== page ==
Medicines management biggest problem for social care

Increase in the number of service users with multiple and complex conditions leading to problems for providers in managing medicines, says the Care Quality Commission.

Medication management has emerged as the area of greatest problem area for social care providers, according to Care Quality Commission inspectors.

It was the biggest area of non-compliance with essential standards among nursing homes, residential care homes and domiciliary care providers, said a CQC market report on inspections carried out from October 2010, when the current regulatory regime came into force, to March 2012.

A fifth of nursing homes did not meet the standard on medicine management, as did 16% of residential homes and domiciliary providers. The report said social care services were facing increasing challenges because of the significant growth in recent years in service users presenting with multiple health problems and requiring complex drug treatment.

Problems highlighted included the administration of medicines not being properly recorded, storage not being monitored in line with providers’ policies, a lack of staff training and inadequate information about medicines being given to staff and service users.

Record-keeping across all types of service and problems with the safety and suitability of care homes were also highlighted as issues for concern by the CQC’s data on non-compliance in the social care sector.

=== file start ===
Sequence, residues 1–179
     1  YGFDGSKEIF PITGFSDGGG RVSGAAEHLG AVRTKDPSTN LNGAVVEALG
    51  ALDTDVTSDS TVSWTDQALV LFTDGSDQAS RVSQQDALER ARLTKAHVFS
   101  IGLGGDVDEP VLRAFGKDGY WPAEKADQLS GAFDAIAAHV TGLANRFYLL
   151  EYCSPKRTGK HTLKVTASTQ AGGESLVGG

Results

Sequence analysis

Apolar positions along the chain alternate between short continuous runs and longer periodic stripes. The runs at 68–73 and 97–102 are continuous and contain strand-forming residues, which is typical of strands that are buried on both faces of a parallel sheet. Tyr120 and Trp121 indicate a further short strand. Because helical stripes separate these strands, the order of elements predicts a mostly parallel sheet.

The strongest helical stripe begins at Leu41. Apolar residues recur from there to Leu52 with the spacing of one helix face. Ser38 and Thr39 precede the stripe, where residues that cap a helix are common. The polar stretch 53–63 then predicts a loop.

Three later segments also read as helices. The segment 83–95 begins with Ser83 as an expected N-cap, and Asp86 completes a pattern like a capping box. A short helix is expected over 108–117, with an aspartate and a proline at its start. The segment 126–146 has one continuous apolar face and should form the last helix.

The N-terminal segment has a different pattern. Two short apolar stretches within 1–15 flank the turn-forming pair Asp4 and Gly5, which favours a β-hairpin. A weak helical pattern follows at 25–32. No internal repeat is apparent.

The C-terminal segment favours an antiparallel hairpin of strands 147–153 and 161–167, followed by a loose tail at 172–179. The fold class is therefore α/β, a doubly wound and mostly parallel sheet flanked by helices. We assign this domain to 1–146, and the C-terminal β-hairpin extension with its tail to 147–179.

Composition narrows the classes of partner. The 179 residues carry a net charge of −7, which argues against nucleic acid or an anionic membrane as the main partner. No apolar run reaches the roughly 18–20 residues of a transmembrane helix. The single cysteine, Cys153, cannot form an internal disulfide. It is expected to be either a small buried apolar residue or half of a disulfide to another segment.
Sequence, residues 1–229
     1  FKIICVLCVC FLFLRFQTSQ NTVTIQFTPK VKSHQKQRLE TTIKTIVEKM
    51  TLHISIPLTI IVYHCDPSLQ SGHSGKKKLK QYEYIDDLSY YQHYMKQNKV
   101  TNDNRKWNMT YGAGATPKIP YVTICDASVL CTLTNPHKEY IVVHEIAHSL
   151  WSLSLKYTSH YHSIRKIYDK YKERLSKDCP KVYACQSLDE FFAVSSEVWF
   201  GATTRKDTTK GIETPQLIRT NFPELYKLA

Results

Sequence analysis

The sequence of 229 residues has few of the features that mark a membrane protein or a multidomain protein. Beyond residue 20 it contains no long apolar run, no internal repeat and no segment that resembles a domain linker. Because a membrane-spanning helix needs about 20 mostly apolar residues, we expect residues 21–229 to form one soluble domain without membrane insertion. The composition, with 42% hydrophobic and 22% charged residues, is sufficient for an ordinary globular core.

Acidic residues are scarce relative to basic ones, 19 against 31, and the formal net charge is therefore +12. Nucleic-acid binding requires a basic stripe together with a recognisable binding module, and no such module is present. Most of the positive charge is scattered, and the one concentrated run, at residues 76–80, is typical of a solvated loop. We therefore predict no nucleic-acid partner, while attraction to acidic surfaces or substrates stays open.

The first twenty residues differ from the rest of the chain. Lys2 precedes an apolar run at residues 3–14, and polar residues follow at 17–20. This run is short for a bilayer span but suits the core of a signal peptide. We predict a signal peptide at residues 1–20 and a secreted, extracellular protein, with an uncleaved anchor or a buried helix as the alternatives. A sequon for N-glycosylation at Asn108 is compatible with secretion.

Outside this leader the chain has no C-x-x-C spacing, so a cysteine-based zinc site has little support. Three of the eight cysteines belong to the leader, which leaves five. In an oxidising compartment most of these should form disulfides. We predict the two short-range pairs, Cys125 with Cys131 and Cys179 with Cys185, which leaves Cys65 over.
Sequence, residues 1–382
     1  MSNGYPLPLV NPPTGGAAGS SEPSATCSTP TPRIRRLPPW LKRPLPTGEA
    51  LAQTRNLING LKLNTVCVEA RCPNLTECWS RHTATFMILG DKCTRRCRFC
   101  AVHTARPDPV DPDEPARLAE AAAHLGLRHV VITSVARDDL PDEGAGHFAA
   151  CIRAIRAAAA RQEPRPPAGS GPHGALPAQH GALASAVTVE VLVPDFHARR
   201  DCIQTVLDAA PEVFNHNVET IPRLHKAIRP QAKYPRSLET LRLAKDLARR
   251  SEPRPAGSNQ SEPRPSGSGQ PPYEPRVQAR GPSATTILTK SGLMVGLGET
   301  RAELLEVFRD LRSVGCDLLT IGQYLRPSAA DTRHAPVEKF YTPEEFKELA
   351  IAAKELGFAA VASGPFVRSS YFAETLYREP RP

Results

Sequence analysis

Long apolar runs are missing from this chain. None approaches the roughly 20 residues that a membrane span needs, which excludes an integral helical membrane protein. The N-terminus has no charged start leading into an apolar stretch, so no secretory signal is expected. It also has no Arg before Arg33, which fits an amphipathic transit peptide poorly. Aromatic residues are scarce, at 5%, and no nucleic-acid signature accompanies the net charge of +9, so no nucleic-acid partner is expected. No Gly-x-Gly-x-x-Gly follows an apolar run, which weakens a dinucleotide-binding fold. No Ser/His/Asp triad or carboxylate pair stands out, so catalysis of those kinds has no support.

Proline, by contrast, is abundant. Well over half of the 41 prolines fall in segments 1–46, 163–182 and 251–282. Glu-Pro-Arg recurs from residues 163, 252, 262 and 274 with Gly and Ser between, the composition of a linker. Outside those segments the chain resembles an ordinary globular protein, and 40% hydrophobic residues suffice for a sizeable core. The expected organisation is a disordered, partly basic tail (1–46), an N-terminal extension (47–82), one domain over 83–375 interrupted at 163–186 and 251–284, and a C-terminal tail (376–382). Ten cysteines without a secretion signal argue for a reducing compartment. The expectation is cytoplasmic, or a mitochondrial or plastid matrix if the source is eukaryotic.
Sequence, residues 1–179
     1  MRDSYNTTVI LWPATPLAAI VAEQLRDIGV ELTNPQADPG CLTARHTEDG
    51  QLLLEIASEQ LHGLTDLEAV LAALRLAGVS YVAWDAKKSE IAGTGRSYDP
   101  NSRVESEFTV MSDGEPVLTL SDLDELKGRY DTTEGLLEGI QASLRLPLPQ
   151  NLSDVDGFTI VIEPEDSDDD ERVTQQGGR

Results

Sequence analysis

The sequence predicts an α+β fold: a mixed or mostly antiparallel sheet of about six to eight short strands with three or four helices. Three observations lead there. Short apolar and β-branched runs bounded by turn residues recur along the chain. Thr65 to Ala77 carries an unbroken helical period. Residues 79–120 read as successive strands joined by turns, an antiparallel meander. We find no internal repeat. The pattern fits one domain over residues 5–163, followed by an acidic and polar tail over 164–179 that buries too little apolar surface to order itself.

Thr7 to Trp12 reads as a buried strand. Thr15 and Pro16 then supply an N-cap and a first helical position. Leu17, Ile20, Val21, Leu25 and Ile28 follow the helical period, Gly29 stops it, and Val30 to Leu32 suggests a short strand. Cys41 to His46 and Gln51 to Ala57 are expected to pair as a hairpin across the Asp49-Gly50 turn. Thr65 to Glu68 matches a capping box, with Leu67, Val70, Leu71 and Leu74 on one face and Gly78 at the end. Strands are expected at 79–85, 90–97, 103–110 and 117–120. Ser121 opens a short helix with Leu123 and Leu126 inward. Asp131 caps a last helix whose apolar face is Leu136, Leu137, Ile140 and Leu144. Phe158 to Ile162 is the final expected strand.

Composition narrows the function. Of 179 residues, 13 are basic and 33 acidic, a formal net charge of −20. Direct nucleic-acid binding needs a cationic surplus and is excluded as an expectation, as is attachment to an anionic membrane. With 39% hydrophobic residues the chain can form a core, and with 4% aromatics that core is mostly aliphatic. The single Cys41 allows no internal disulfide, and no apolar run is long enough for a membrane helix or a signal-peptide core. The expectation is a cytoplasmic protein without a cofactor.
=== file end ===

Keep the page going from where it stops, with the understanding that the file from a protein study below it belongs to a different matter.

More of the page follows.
CQC director of operations Amanda Sherlock said inspectors were concerned about the deterioration of some care home buildings. “Often it’s just cosmetic, but occasionally it’s things that actually present a risk to people’s safety,” she said. “While difficult to evidence, it’s likely that increasing failure to address these kinds of problems is linked to increasing economic pressure within the system.” 

Of 11,800 social care premises inspected over the period, 72% were compliant with all essential standards.

The CQC said this would be the first in a series of quarterly publications that will track performance across health and social care and identify areas of concern. However, questions were raised by the United Kingdom Homecare Association about the focus of the report on non-compliance by providers.

“We hope that future issues of the CQC’s report will provide a genuine market analysis, which highlights not just levels of compliance but more detailed learning points for providers, including issues outside their direct control,” said UKHCA chief executive Bridget Warr. “To do this the CQC must be prepared to comment on how services are commissioned by the statutory sector.”

The CQC ceased inspecting and assessing the quality of local authority commissioning of adult social care in November 2010.

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